Do we have laws to deal with this problem?

Note: This text was written in 2003. Some information may be out-of date.

The most important piece of legislation related to food safety in Thailand is The Food Act of 1979 (BE 2522). Sections 25(1) of this law makes it illegal for anybody to “produce, import for sale, or distribute… food which contains anything likely to be dangerous to health“. Section 58 states that “whoever violates 25(1) shall be liable to imprisonment of not more than 2 years and a fine of not more than twenty thousand Baht”.

Since the enactment of this Law more than 20 years ago, the Ministry of Public Health has issued a number of notifications to make it clear what chemicals are considered to be “dangerous to health”. The latest notification was issued on 30th May 2003, as follows:

“In order to control food safety, the Ministry of public Health (MOPH) announces that – from now on – all food must not contain:

  • Beta Agonist
  • Borax
  • Formalin
  • Salicylic acid
  • Hydrosulfide (Bleaching)
  • Pesticide (beyond MRL)
  • Anti-biotic
  • Nitro-furan”

As a result of this announcement, farmers or retailers who sell fruit and vegetables that contains more than the acceptable level of pesticide can be jailed for up to 2 years.

There are two other pieces of important legislation in Thailand relating to pesticides and food safety:

The Hazardous Substances Act of 1992 (BE 2535). Under section 43 and 74 of this Act, a person who imports, produces or has in their possession a banned chemical can be fined up to one million Baht and imprisoned for up to ten years.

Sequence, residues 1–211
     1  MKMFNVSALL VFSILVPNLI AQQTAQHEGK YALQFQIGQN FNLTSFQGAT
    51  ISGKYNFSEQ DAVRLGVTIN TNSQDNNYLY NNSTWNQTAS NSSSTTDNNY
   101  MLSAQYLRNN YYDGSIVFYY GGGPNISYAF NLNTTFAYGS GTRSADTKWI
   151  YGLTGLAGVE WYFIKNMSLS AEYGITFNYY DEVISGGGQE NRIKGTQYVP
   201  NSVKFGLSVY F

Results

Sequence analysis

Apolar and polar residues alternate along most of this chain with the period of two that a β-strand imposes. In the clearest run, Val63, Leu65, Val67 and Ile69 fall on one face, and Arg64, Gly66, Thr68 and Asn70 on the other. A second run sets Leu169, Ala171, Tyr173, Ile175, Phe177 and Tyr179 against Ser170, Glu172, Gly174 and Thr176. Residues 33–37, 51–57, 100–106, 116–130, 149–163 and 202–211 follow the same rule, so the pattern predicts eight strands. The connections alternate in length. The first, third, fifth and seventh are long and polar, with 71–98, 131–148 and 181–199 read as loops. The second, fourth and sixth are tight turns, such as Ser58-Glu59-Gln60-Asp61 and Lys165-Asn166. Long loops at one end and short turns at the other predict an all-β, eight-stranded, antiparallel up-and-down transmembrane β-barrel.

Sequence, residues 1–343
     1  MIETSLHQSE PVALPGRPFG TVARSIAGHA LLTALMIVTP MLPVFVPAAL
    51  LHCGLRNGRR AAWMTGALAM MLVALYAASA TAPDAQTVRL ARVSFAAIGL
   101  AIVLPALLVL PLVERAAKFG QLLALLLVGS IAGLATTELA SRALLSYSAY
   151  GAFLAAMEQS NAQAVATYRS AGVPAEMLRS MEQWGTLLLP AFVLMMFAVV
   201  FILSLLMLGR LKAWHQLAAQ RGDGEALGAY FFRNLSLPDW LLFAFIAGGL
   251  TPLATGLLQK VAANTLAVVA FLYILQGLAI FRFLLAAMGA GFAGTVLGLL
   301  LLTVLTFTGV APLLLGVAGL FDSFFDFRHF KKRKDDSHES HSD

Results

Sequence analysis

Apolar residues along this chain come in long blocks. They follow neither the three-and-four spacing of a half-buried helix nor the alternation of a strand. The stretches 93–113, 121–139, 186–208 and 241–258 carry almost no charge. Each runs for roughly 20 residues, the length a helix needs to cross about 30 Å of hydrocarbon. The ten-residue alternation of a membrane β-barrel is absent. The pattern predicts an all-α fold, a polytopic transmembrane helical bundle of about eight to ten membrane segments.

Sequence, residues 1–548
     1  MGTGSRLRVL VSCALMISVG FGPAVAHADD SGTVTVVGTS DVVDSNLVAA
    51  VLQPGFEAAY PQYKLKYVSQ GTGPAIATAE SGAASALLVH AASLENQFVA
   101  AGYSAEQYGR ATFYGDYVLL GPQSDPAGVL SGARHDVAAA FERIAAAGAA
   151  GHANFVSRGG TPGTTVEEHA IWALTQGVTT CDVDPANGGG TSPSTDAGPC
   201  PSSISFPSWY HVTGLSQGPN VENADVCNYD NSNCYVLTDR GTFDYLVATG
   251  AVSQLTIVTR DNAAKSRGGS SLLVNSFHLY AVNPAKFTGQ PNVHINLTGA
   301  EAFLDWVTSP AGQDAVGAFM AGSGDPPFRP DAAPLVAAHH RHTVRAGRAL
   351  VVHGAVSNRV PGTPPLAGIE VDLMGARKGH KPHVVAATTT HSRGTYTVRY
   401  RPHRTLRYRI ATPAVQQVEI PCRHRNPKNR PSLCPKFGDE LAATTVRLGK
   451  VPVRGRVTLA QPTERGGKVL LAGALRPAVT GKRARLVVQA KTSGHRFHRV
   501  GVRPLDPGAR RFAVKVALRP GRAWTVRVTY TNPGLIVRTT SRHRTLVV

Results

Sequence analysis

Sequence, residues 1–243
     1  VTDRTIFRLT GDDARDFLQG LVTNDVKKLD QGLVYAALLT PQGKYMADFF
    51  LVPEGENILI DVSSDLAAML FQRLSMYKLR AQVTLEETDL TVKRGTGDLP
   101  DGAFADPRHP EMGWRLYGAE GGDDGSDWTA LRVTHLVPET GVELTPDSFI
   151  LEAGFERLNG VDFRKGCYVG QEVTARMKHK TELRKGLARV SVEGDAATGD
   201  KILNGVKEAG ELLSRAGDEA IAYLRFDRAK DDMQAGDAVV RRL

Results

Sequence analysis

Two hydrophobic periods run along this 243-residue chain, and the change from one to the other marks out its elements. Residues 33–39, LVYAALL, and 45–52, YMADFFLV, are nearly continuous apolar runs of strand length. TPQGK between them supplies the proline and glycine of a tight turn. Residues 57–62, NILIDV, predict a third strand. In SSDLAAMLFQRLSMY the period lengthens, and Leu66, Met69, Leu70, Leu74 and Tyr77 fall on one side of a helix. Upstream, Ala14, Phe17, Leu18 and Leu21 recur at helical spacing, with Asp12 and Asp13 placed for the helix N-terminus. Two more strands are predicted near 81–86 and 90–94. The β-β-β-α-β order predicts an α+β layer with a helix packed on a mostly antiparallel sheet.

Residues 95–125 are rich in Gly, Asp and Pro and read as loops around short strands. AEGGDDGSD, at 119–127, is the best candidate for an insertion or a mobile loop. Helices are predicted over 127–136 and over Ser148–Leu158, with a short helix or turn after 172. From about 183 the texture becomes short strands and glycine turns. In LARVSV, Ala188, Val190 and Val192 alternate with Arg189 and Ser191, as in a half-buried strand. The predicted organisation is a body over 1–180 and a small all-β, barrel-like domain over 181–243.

The Public Health Act of 1992 (BE 2535). Under Section 40 and 73, a person who breaks Local Government regulations relating to hygiene in any place “where food is sold, served, prepared, or stored” can be imprisoned for up to six months and fined 10,000 Baht.

Onions and garlic
According to law, all food should be safe.

Code of Conduct

The FAO Council has adopted an International Code of Conduct on the Distribution and Use of pesticides. This document establishes voluntary standards of conduct for all public and private entities engaged in or associated with the distribution and use of pesticides.

The code deals with many topics including pest management, reducing health and environmental risks, labeling, packaging, storage, disposal and advertising.

Glyphosate shirt
Promotion of pesticides by giving gifts (bicycles, t-shirts, TVs) is common practice in Thailand even though it is a violation of the ”International Code of Conduct on the Distribution and Use of Pesticides”.
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